Chinese Tibetology researchers exceeds 5000

2018-05-30 09:44:00 | From:China Tibet Online

On May 23, 1951, the Central People’s Government and the local Tibetan government signed the “Agreement on the Peaceful Liberation of Tibet” in Beijing, which launched a new era in Tibet’s historical development and also opened a new era for the development of Tibetan studies in contemporary China.

Recently, An Qiyi, secretary of the Party Committee of the China Tibetology Research Center, said, “China has created a relatively complete research and academic system for Tibetan studies, which includes more than 5,000 scholars and researchers who have attained remarkable academic achievements. Tibetology research has become a shining jewel in China’s comprehensive academic research.”

More than 100 Tibetology institutions

The China Tibetology Qomolangma Award is the highest award in the Tibetology field in China. The award is jointly reviewed by the country’s Tibetology community and has been given out four times.

“China is the hometown of Tibetan studies, and Tibetology research has a long history in China,” An Qiyi said. “Since the founding of New China and especially since Reform and Opening up, a group of Tibetology research institutions, teaching institutions, publishing agencies, exhibition institutions, and various cultural institutions have been established. According to incomplete statistics, China has more than 100 Tibetology institutions and dozens of Tibetology academic groups.”

Since the 1950s, the Central University for Nationalities(now called Minzu University of China) and other ethnic colleges have successively set up Tibetan studies programs and enrolled and trained undergraduates in this field. In the middle and late 1980s, colleges began enrolling students in postgraduate and doctoral programs. In 1998, Tibet University enrolled students for master program for the first time, and in 2013, Tibet University began conferring doctoral degrees.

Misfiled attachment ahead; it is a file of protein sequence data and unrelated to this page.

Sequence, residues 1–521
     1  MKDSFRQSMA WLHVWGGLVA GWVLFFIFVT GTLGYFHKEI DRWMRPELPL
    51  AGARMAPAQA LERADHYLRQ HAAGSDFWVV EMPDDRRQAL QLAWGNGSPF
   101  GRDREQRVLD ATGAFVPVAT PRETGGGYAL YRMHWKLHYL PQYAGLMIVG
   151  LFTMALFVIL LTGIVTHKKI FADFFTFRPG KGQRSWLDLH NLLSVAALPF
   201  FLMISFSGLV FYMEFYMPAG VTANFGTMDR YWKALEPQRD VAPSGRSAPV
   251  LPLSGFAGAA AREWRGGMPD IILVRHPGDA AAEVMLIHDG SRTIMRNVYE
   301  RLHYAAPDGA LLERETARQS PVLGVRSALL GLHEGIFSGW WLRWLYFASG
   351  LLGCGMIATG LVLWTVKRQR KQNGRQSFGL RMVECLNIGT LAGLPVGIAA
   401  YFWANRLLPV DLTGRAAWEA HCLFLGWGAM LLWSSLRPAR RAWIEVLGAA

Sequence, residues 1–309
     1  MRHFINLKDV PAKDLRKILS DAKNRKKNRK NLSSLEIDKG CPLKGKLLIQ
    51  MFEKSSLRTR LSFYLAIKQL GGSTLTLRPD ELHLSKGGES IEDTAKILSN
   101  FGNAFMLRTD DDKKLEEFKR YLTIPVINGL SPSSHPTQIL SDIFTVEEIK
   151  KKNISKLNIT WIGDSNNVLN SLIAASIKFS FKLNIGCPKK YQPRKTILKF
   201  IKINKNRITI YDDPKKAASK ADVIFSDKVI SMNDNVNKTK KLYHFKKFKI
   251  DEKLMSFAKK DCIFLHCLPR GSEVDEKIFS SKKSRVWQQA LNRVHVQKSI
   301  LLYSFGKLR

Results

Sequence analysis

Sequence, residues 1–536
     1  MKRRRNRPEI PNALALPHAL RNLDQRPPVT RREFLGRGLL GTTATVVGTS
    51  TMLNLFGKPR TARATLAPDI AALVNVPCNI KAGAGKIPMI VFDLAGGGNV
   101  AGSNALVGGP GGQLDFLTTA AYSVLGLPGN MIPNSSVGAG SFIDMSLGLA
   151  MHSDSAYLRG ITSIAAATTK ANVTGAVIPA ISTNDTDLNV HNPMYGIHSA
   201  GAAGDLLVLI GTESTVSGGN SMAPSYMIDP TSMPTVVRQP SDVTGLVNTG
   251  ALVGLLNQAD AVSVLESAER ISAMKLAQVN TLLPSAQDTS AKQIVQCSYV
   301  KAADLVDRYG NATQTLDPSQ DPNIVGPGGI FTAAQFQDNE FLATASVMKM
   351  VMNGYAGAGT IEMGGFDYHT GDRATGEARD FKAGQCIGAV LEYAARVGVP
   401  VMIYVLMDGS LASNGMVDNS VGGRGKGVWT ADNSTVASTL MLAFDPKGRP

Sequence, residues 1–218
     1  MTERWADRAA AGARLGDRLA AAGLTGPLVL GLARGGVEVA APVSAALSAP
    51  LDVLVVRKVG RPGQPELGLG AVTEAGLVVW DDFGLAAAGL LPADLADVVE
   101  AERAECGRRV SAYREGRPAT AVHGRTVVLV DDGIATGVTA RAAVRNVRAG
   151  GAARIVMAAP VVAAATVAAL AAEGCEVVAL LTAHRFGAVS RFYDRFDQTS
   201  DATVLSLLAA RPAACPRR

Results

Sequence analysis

“From 1987 to 2017, China trained a large number of Tibetology research students and formed a new structure of Tibetology research teams comprised of elderly, middle-aged, and young scholars of ethnic studies,” An Qiyi said.

“Chinese Tipitaka” can be read on a computer

On May 20, a ceremony to mark the first publication of the electronic version of the “Chinese Tripitaka” (Tibetan-language edition) was held in Beijing. The original edition of the “Chinese Tripitaka”, a series of Buddhist sutras, could thus be read using a computer.

The electronic version of the “Chinese Tripitaka” (Tibetan-language edition) was published on the basis of paper version of the China Tibetology Publishing House and is comprised of the “Kangyur” and “Tengyur” texts.

This is only a microcosm of the remarkable academic achievements having been made in the field of Tibetology in China in recent years. Since the founding of New China, there have been a large number of academic achievements in Tibetology in China. With solid historical materials and sufficient evidence, it can be argued that Tibetans are important members of the Chinese nation and that Tibet has been an inseparable part of China since ancient times.

An Qiyi said, “the exploration, collation, and publication of Chinese-language texts is an area that has attracted attention in Tibetology research since Reform and Opening up.” According to incomplete statistics, more than 200 important texts have been published, and many of them are rare or only have one existing copy. Some of these texts include the Compilation of Historical Archives on Relations Between the Local Tibetan Government and Central Government Since the Yuan Dynasty, Collection of Tibetan Historical Archives, and Records of Tibet and Tibetan Issues From the Second Chinese Historical Archive.

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